Our Unwavering Love for Backwoods at Mulberry Mountain

Backwoods at Mulberry Mountain closed its gates Monday afternoon after a weekend filled with sunshine, love, relaxation, music, art, dance, and a touch of tragedy. The festival welcomed a plethora of talented musicians, artists, teachers, and performers. Headlining the festival was Rezz, Umphrey’s McGee, Space Jesus, Lettuce and more. The weather was beautiful and the vibes were unlike any festival we’ve attended this year.

While the festival was held at the same venue as the late Wakarusa, Backwoods no longer lives in its shadow. The festival has grown its own following and family of attendees. This year had more stages, more local acts, a huge workshop schedule, great vibes, and never-ending dance parties. Several families attended the festival, and the next generation of festival attendees met new people and got to better understand the festival vibe.

Stages

The stages at Backwoods remained mainly the same as last year, with the addition of the Counter Kulture Stage in the campground and an upgrade of the new Aqua Station Stage in the forest valley. Each stage had its own personality. The Motherland (Main) Stage took on the look of something out of Super Mario with giant inflated crystals on either side of the stage. Performers stood on platforms adjacent to the Motherland and took turns showing off their skills. This year’s performers were often part of troupes and traveling groups and they worked well in teams. Beyond the crowd at the Motherland were live artists who worked on pieces all weekend, selling them as they finished. A giant inflatable can of local beer showcased the bar area and a ping-pong table was even brought out in the beautiful weather.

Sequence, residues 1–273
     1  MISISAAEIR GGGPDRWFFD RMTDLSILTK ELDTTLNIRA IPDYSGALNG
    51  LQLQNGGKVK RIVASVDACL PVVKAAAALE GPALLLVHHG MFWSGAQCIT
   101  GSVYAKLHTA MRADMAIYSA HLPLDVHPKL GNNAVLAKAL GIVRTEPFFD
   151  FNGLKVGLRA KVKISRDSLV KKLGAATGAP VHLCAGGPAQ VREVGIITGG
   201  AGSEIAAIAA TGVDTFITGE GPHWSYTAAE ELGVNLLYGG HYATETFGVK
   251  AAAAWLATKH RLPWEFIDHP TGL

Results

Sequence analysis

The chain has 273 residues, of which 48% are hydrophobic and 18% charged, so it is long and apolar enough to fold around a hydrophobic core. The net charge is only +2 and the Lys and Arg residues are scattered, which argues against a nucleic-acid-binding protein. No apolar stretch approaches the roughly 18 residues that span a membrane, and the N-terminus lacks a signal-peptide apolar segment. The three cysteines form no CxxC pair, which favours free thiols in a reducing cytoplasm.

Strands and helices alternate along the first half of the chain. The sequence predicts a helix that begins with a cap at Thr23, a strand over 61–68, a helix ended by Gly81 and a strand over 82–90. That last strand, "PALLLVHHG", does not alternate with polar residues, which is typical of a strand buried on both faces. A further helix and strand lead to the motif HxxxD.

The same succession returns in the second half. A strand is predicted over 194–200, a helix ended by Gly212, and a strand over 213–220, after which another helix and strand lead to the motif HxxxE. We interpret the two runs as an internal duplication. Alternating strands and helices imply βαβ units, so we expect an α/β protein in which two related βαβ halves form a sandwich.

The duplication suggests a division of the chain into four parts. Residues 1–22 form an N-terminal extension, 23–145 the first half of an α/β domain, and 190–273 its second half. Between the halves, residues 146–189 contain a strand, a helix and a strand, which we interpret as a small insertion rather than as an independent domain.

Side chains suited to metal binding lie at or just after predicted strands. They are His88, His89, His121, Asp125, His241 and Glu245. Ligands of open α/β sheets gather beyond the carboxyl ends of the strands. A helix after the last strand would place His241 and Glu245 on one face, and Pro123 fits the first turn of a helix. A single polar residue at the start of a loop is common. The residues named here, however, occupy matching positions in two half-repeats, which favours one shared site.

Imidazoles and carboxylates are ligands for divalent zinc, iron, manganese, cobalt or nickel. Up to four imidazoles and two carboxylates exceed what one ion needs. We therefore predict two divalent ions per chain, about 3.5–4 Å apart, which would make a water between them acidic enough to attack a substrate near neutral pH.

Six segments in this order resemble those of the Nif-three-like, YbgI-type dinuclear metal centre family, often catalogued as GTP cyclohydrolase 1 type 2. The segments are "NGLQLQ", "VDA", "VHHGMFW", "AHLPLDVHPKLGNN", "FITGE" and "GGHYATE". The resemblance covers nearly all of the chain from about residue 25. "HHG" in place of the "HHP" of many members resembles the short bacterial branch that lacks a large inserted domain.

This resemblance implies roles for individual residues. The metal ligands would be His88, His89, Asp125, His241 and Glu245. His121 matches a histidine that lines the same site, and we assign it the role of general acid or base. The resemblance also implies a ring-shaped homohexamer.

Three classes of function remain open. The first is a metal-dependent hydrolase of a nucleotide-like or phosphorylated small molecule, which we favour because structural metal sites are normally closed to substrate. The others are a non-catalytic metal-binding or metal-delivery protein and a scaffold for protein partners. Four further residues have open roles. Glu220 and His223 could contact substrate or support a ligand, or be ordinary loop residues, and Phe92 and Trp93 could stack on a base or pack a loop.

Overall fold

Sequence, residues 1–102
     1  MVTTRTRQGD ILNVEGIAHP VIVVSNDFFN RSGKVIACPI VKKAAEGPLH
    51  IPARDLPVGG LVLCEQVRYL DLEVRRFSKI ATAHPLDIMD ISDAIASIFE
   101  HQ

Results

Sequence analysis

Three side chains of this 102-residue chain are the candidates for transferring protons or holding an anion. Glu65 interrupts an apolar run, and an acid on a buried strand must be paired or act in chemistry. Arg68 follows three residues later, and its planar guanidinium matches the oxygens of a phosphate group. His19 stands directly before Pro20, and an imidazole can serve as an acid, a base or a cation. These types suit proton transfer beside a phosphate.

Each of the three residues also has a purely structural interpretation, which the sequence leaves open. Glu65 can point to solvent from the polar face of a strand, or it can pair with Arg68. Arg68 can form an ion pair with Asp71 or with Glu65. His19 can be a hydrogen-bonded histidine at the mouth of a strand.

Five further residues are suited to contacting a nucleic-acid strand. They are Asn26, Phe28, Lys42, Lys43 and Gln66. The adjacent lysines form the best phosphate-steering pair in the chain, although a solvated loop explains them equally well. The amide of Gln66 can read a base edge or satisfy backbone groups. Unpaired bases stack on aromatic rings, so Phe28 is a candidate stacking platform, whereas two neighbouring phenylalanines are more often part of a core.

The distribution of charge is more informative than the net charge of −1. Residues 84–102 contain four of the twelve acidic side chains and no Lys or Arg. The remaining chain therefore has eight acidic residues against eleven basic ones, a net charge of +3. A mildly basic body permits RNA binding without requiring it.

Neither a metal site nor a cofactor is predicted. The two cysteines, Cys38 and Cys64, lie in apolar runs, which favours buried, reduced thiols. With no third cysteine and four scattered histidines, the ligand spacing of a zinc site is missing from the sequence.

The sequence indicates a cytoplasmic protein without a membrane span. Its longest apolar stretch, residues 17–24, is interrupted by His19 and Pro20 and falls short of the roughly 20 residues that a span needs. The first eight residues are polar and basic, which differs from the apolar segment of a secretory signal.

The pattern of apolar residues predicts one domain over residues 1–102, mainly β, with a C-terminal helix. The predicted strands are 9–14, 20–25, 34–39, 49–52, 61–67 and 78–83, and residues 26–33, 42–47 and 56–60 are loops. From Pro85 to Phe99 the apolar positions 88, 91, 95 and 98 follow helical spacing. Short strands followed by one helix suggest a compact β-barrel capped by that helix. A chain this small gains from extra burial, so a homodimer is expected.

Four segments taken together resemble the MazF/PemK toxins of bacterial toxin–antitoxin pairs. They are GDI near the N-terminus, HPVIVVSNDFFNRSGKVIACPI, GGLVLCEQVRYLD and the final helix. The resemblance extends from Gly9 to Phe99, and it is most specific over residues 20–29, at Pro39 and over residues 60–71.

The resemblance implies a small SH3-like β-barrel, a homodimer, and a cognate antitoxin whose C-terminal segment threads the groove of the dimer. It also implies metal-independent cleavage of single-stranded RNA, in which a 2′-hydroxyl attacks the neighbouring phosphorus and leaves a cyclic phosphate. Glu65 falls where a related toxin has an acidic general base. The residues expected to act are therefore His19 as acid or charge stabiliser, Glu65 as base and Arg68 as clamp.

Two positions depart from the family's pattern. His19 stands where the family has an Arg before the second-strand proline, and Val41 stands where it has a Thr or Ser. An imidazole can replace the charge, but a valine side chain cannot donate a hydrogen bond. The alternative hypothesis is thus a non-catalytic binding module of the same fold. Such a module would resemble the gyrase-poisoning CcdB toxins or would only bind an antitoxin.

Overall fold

The Globe Theater had a similar personality as it always has at Backwoods. Fully enclosed and made from found objects, the Globe contained the secret Speakeasy in the back where people could trade for some tasty kombucha or more. A theater seating arrangement of couches at the entrance to the Globe allowed for a comfortable spot to chill in the shade while watching new music (although, we did hear that the white couch to the left smelled a bit like feet.)

The Aqua Station was the place for flow arts and wobbles as several DJs took to the uniquely decorated stage to show off their favorite bass tunes. The Station was at the bottom of a hill and in the forest. Many brought seating and hammocks and watched their friends dance and flow.

The Counter Kulture stage resembled a pirate ship and also showcased a plethora of local and national DJs. The stage was located in the campground and brought many to the open field for some sun. Each stage was never overcrowded and all had room to dance.

Workshops & Art

The extensive workshop schedule at Backwoods allowed for an entire lineup of learning and health. From 8 AM to 8 PM, yoga, meditation, and informative sessions took over a section of the forest and helped many wake up, wind down, and learn something new. Each instructor understood the variety of their students’ abilities as well as their environment. Students were able to come and go as they pleased, as with any stage at a festival. However, most were content with staying an entire class for the full experience. Those who observed from the background usually took a spot in the next session as each instructor was enthusiastic and knowledgeable. Backwoods provided a unique experience in adding this extensive of a workshop lineup and we very much enjoyed it.